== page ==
Issue 178 | The Sun Magazine

September 1990

Readers Write


Having a room of one’s own, eating compulsively, scribbling

By Our Readers


What is uttered from the heart alone will win the hearts of others to your own.

Johann Wolfgang von Goethe

Essays, Memoirs, & True Stories

Dignity And Other Staples

Eating In The Soup Kitchens Of Seattle

On my rounds of the soup kitchens, I learned more than fine distinctions among bad foods. I learned the patience engendered by interminable waiting. I learned the deferential glance, a useful grace that gets one past the guards unchallenged.

By David Grant


I liked my truck. I liked to put all my blocks in the back and cart them from room to room. But I loved Merry’s doll.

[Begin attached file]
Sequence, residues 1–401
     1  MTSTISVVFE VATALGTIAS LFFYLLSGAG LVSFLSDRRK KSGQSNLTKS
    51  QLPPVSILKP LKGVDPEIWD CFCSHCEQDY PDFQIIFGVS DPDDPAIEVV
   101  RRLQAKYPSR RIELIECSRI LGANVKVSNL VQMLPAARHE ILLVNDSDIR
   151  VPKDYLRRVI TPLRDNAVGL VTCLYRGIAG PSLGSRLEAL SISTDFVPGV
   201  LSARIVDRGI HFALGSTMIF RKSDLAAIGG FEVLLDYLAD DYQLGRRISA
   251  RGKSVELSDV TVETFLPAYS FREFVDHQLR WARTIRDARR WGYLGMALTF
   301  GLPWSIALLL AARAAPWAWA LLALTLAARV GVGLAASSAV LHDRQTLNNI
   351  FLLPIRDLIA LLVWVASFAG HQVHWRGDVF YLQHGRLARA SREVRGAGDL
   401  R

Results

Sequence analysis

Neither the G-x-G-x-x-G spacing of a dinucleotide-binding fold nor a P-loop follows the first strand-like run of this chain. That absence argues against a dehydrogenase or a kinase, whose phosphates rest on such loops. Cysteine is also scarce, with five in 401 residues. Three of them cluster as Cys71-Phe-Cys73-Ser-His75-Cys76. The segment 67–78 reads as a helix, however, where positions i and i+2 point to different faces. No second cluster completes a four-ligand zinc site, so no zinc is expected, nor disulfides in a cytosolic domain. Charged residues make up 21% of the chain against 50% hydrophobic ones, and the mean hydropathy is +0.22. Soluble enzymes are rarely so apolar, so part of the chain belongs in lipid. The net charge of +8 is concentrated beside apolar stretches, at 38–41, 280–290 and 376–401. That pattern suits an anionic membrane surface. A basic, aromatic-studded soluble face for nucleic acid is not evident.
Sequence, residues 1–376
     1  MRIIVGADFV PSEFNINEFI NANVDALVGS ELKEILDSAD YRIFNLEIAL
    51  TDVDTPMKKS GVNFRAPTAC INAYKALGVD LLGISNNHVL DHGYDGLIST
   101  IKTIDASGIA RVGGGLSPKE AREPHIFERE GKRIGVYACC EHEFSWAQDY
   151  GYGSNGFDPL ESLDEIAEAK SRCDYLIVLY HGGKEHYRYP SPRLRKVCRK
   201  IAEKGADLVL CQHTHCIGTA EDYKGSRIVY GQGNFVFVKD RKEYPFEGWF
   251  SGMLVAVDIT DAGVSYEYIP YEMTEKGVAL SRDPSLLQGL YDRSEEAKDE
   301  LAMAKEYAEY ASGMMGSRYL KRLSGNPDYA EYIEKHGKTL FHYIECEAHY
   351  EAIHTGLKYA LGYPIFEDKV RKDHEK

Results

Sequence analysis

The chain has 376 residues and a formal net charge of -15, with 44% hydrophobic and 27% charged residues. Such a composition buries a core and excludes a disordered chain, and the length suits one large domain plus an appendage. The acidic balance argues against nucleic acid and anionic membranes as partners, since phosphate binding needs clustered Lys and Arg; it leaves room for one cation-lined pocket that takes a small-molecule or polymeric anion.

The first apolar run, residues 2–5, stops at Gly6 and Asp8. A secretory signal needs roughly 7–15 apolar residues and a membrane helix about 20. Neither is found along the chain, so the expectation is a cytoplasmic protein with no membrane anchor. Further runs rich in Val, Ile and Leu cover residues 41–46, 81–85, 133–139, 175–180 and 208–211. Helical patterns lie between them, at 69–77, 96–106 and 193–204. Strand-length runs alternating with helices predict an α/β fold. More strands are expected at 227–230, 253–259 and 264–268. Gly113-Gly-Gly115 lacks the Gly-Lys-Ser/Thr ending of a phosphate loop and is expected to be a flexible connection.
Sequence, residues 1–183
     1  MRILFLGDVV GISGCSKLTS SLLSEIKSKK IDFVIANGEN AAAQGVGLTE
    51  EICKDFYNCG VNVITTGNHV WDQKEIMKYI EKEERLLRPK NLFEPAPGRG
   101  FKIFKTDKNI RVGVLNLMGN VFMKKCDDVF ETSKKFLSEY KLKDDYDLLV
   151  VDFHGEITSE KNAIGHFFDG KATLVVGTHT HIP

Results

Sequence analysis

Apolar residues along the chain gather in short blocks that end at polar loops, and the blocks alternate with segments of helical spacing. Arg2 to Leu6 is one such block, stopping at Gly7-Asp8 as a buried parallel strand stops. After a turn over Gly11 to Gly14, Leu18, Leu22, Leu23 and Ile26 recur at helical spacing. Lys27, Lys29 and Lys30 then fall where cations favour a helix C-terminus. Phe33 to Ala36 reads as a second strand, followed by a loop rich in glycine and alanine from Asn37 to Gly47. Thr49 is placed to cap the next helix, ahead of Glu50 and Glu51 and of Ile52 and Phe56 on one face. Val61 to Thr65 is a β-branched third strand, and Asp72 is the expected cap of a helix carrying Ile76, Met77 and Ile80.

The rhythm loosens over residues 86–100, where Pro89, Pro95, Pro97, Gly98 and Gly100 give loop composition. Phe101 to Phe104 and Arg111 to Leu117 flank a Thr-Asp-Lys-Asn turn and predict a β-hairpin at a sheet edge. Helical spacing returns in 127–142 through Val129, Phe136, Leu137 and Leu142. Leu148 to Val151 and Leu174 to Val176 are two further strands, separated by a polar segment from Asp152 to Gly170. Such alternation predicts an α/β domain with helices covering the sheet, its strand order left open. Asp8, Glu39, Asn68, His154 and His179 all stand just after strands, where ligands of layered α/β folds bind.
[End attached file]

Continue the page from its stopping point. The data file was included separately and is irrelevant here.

By Andrew Ramer


Fatima remembers the infant eyes closing against the first handfuls of dirt. She stopped moving almost immediately, as if the sheerest blanket of earth were too heavy.

By Diana Abu-Jaber

Without Cost Or Obligation

We went past the Allied checkpoint, past the American, the Brit, and the Frenchman, past the sign in more languages than we could read — YOU ARE NOW LEAVING THE AMERICAN SECTOR.

By Donald N. S. Unger

In The War-Torn Heart Of The House

Bucky, it’s Tuesday, May 9. I’m in the records vault using the old IBM to hammer this one out to you, my dictaphone account of how it went the last night at our house and about my return to Trent (still minimum security).

By Scott Warren Taylor